Bromate is formed in water as a by-product when ozone is used to disinfect tap water. The amount of bromide in drinking water depends on the
- bromide ion concentration
- pH of the source water
- amount of ozone
- reaction time used to disinfect the water
Bromate toxicity affects people in a number of ways like causing nausea, vomiting, diarrhoea and abdominal pain. If bromate is ingested in large amounts then it could also lead to kidney failure or cancer. Excessive intake of bromate can also lead to issues in the nervous system. Since bromate causes health problems it is important to get tap water tested for bromate.
The Bureau of Indian Standards has published the 8th Amendment to the IS 14543:2004, Indian Standard specifications for packaged drinking water (PDW). This amendment states the level of bromate content in drinking water and prescribes that the bromate water testing be carried out using ISO Method 15061 2001. Therefore if you manufacture packaged drinking water you must get your water tested for bromate content in a testing lab that uses water testing parameters according to ISO Method 15061 2001.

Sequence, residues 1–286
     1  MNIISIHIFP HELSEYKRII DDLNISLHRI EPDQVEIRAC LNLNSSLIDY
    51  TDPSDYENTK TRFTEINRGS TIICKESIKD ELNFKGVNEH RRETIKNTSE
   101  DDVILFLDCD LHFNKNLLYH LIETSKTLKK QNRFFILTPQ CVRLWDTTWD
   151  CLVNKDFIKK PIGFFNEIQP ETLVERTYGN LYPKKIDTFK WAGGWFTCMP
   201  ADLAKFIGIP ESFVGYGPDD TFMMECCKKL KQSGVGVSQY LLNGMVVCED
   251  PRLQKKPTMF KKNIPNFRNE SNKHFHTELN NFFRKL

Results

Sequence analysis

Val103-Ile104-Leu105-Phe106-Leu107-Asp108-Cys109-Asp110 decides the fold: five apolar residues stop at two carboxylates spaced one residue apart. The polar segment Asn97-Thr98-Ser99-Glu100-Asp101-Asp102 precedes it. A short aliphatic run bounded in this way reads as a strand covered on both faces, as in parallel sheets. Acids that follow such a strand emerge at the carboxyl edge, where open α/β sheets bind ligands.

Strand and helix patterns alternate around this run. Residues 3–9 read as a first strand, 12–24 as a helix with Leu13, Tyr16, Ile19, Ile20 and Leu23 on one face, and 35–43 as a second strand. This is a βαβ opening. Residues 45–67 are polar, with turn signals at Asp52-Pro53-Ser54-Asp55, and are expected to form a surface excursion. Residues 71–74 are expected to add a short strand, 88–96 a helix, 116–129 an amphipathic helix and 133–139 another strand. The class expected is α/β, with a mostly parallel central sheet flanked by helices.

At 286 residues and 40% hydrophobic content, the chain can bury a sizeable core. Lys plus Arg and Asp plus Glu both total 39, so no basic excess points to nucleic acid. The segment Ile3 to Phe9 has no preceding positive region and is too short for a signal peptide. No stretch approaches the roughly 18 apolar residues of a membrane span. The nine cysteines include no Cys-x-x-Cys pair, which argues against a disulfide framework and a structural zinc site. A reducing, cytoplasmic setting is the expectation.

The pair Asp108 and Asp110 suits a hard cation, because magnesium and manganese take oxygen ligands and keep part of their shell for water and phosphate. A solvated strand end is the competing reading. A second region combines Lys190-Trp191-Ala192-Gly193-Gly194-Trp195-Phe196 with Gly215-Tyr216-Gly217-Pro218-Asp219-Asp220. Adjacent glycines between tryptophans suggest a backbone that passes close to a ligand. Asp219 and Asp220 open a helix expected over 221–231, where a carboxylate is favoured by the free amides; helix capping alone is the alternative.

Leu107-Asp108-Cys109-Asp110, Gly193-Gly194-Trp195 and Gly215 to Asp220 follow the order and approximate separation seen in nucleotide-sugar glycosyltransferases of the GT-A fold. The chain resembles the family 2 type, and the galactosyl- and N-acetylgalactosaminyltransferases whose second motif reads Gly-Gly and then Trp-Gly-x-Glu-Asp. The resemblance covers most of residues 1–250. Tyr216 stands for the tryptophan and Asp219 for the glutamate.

The standard for bromate levels in packaged drinking water is a maximum of 0.01 mg/L. Though other methods for testing bromate in drinking water exist, but for detecting such low amounts of bromate is to use the ion chromatographic method. A testing laboratory that has a chromatographic system installed in their laboratory will be able to provide you with a correct analysis of bromate in drinking water. This test is not just applicable to packaged drinking water but can be used to test untreated water, surface waters and even wastewater.
The ion chromatographic method as prescribed in the ISO 15061 uses specialized ion exchange columns packed with ion exchange resins and this is used to separate ions. Once the ions are separated then the bromate ions can be detected and quantified using a conductivity detector. All manufacturers of packaged drinking water need to get their water source tested at regular intervals. This will ensure that the level of bromate in the packaged water is in compliance with standards. Bromate water testing analysis report is also required for obtaining a license from the Bureau of Indian Standards. Nobody can package drinking water without a license from BIS.
Long term exposure to bromate even if concentrations are low can have a negative health effect. Since packaged drinking water is sourced from supplied tap water it is possible that ozone has been used to disinfect it. The level of bromine can also vary from source to source so the tap water needs to be monitored carefully by carrying out regular bromate testing in water. The World Health Organization (WHO) drinking quality standards recommendation is limited to 10 ppb (μg/L) bromate in drinking water. This means that the bromate needs to be detected at levels as low as 1ppb which is possible only with ion chromatographic method with post-column derivation.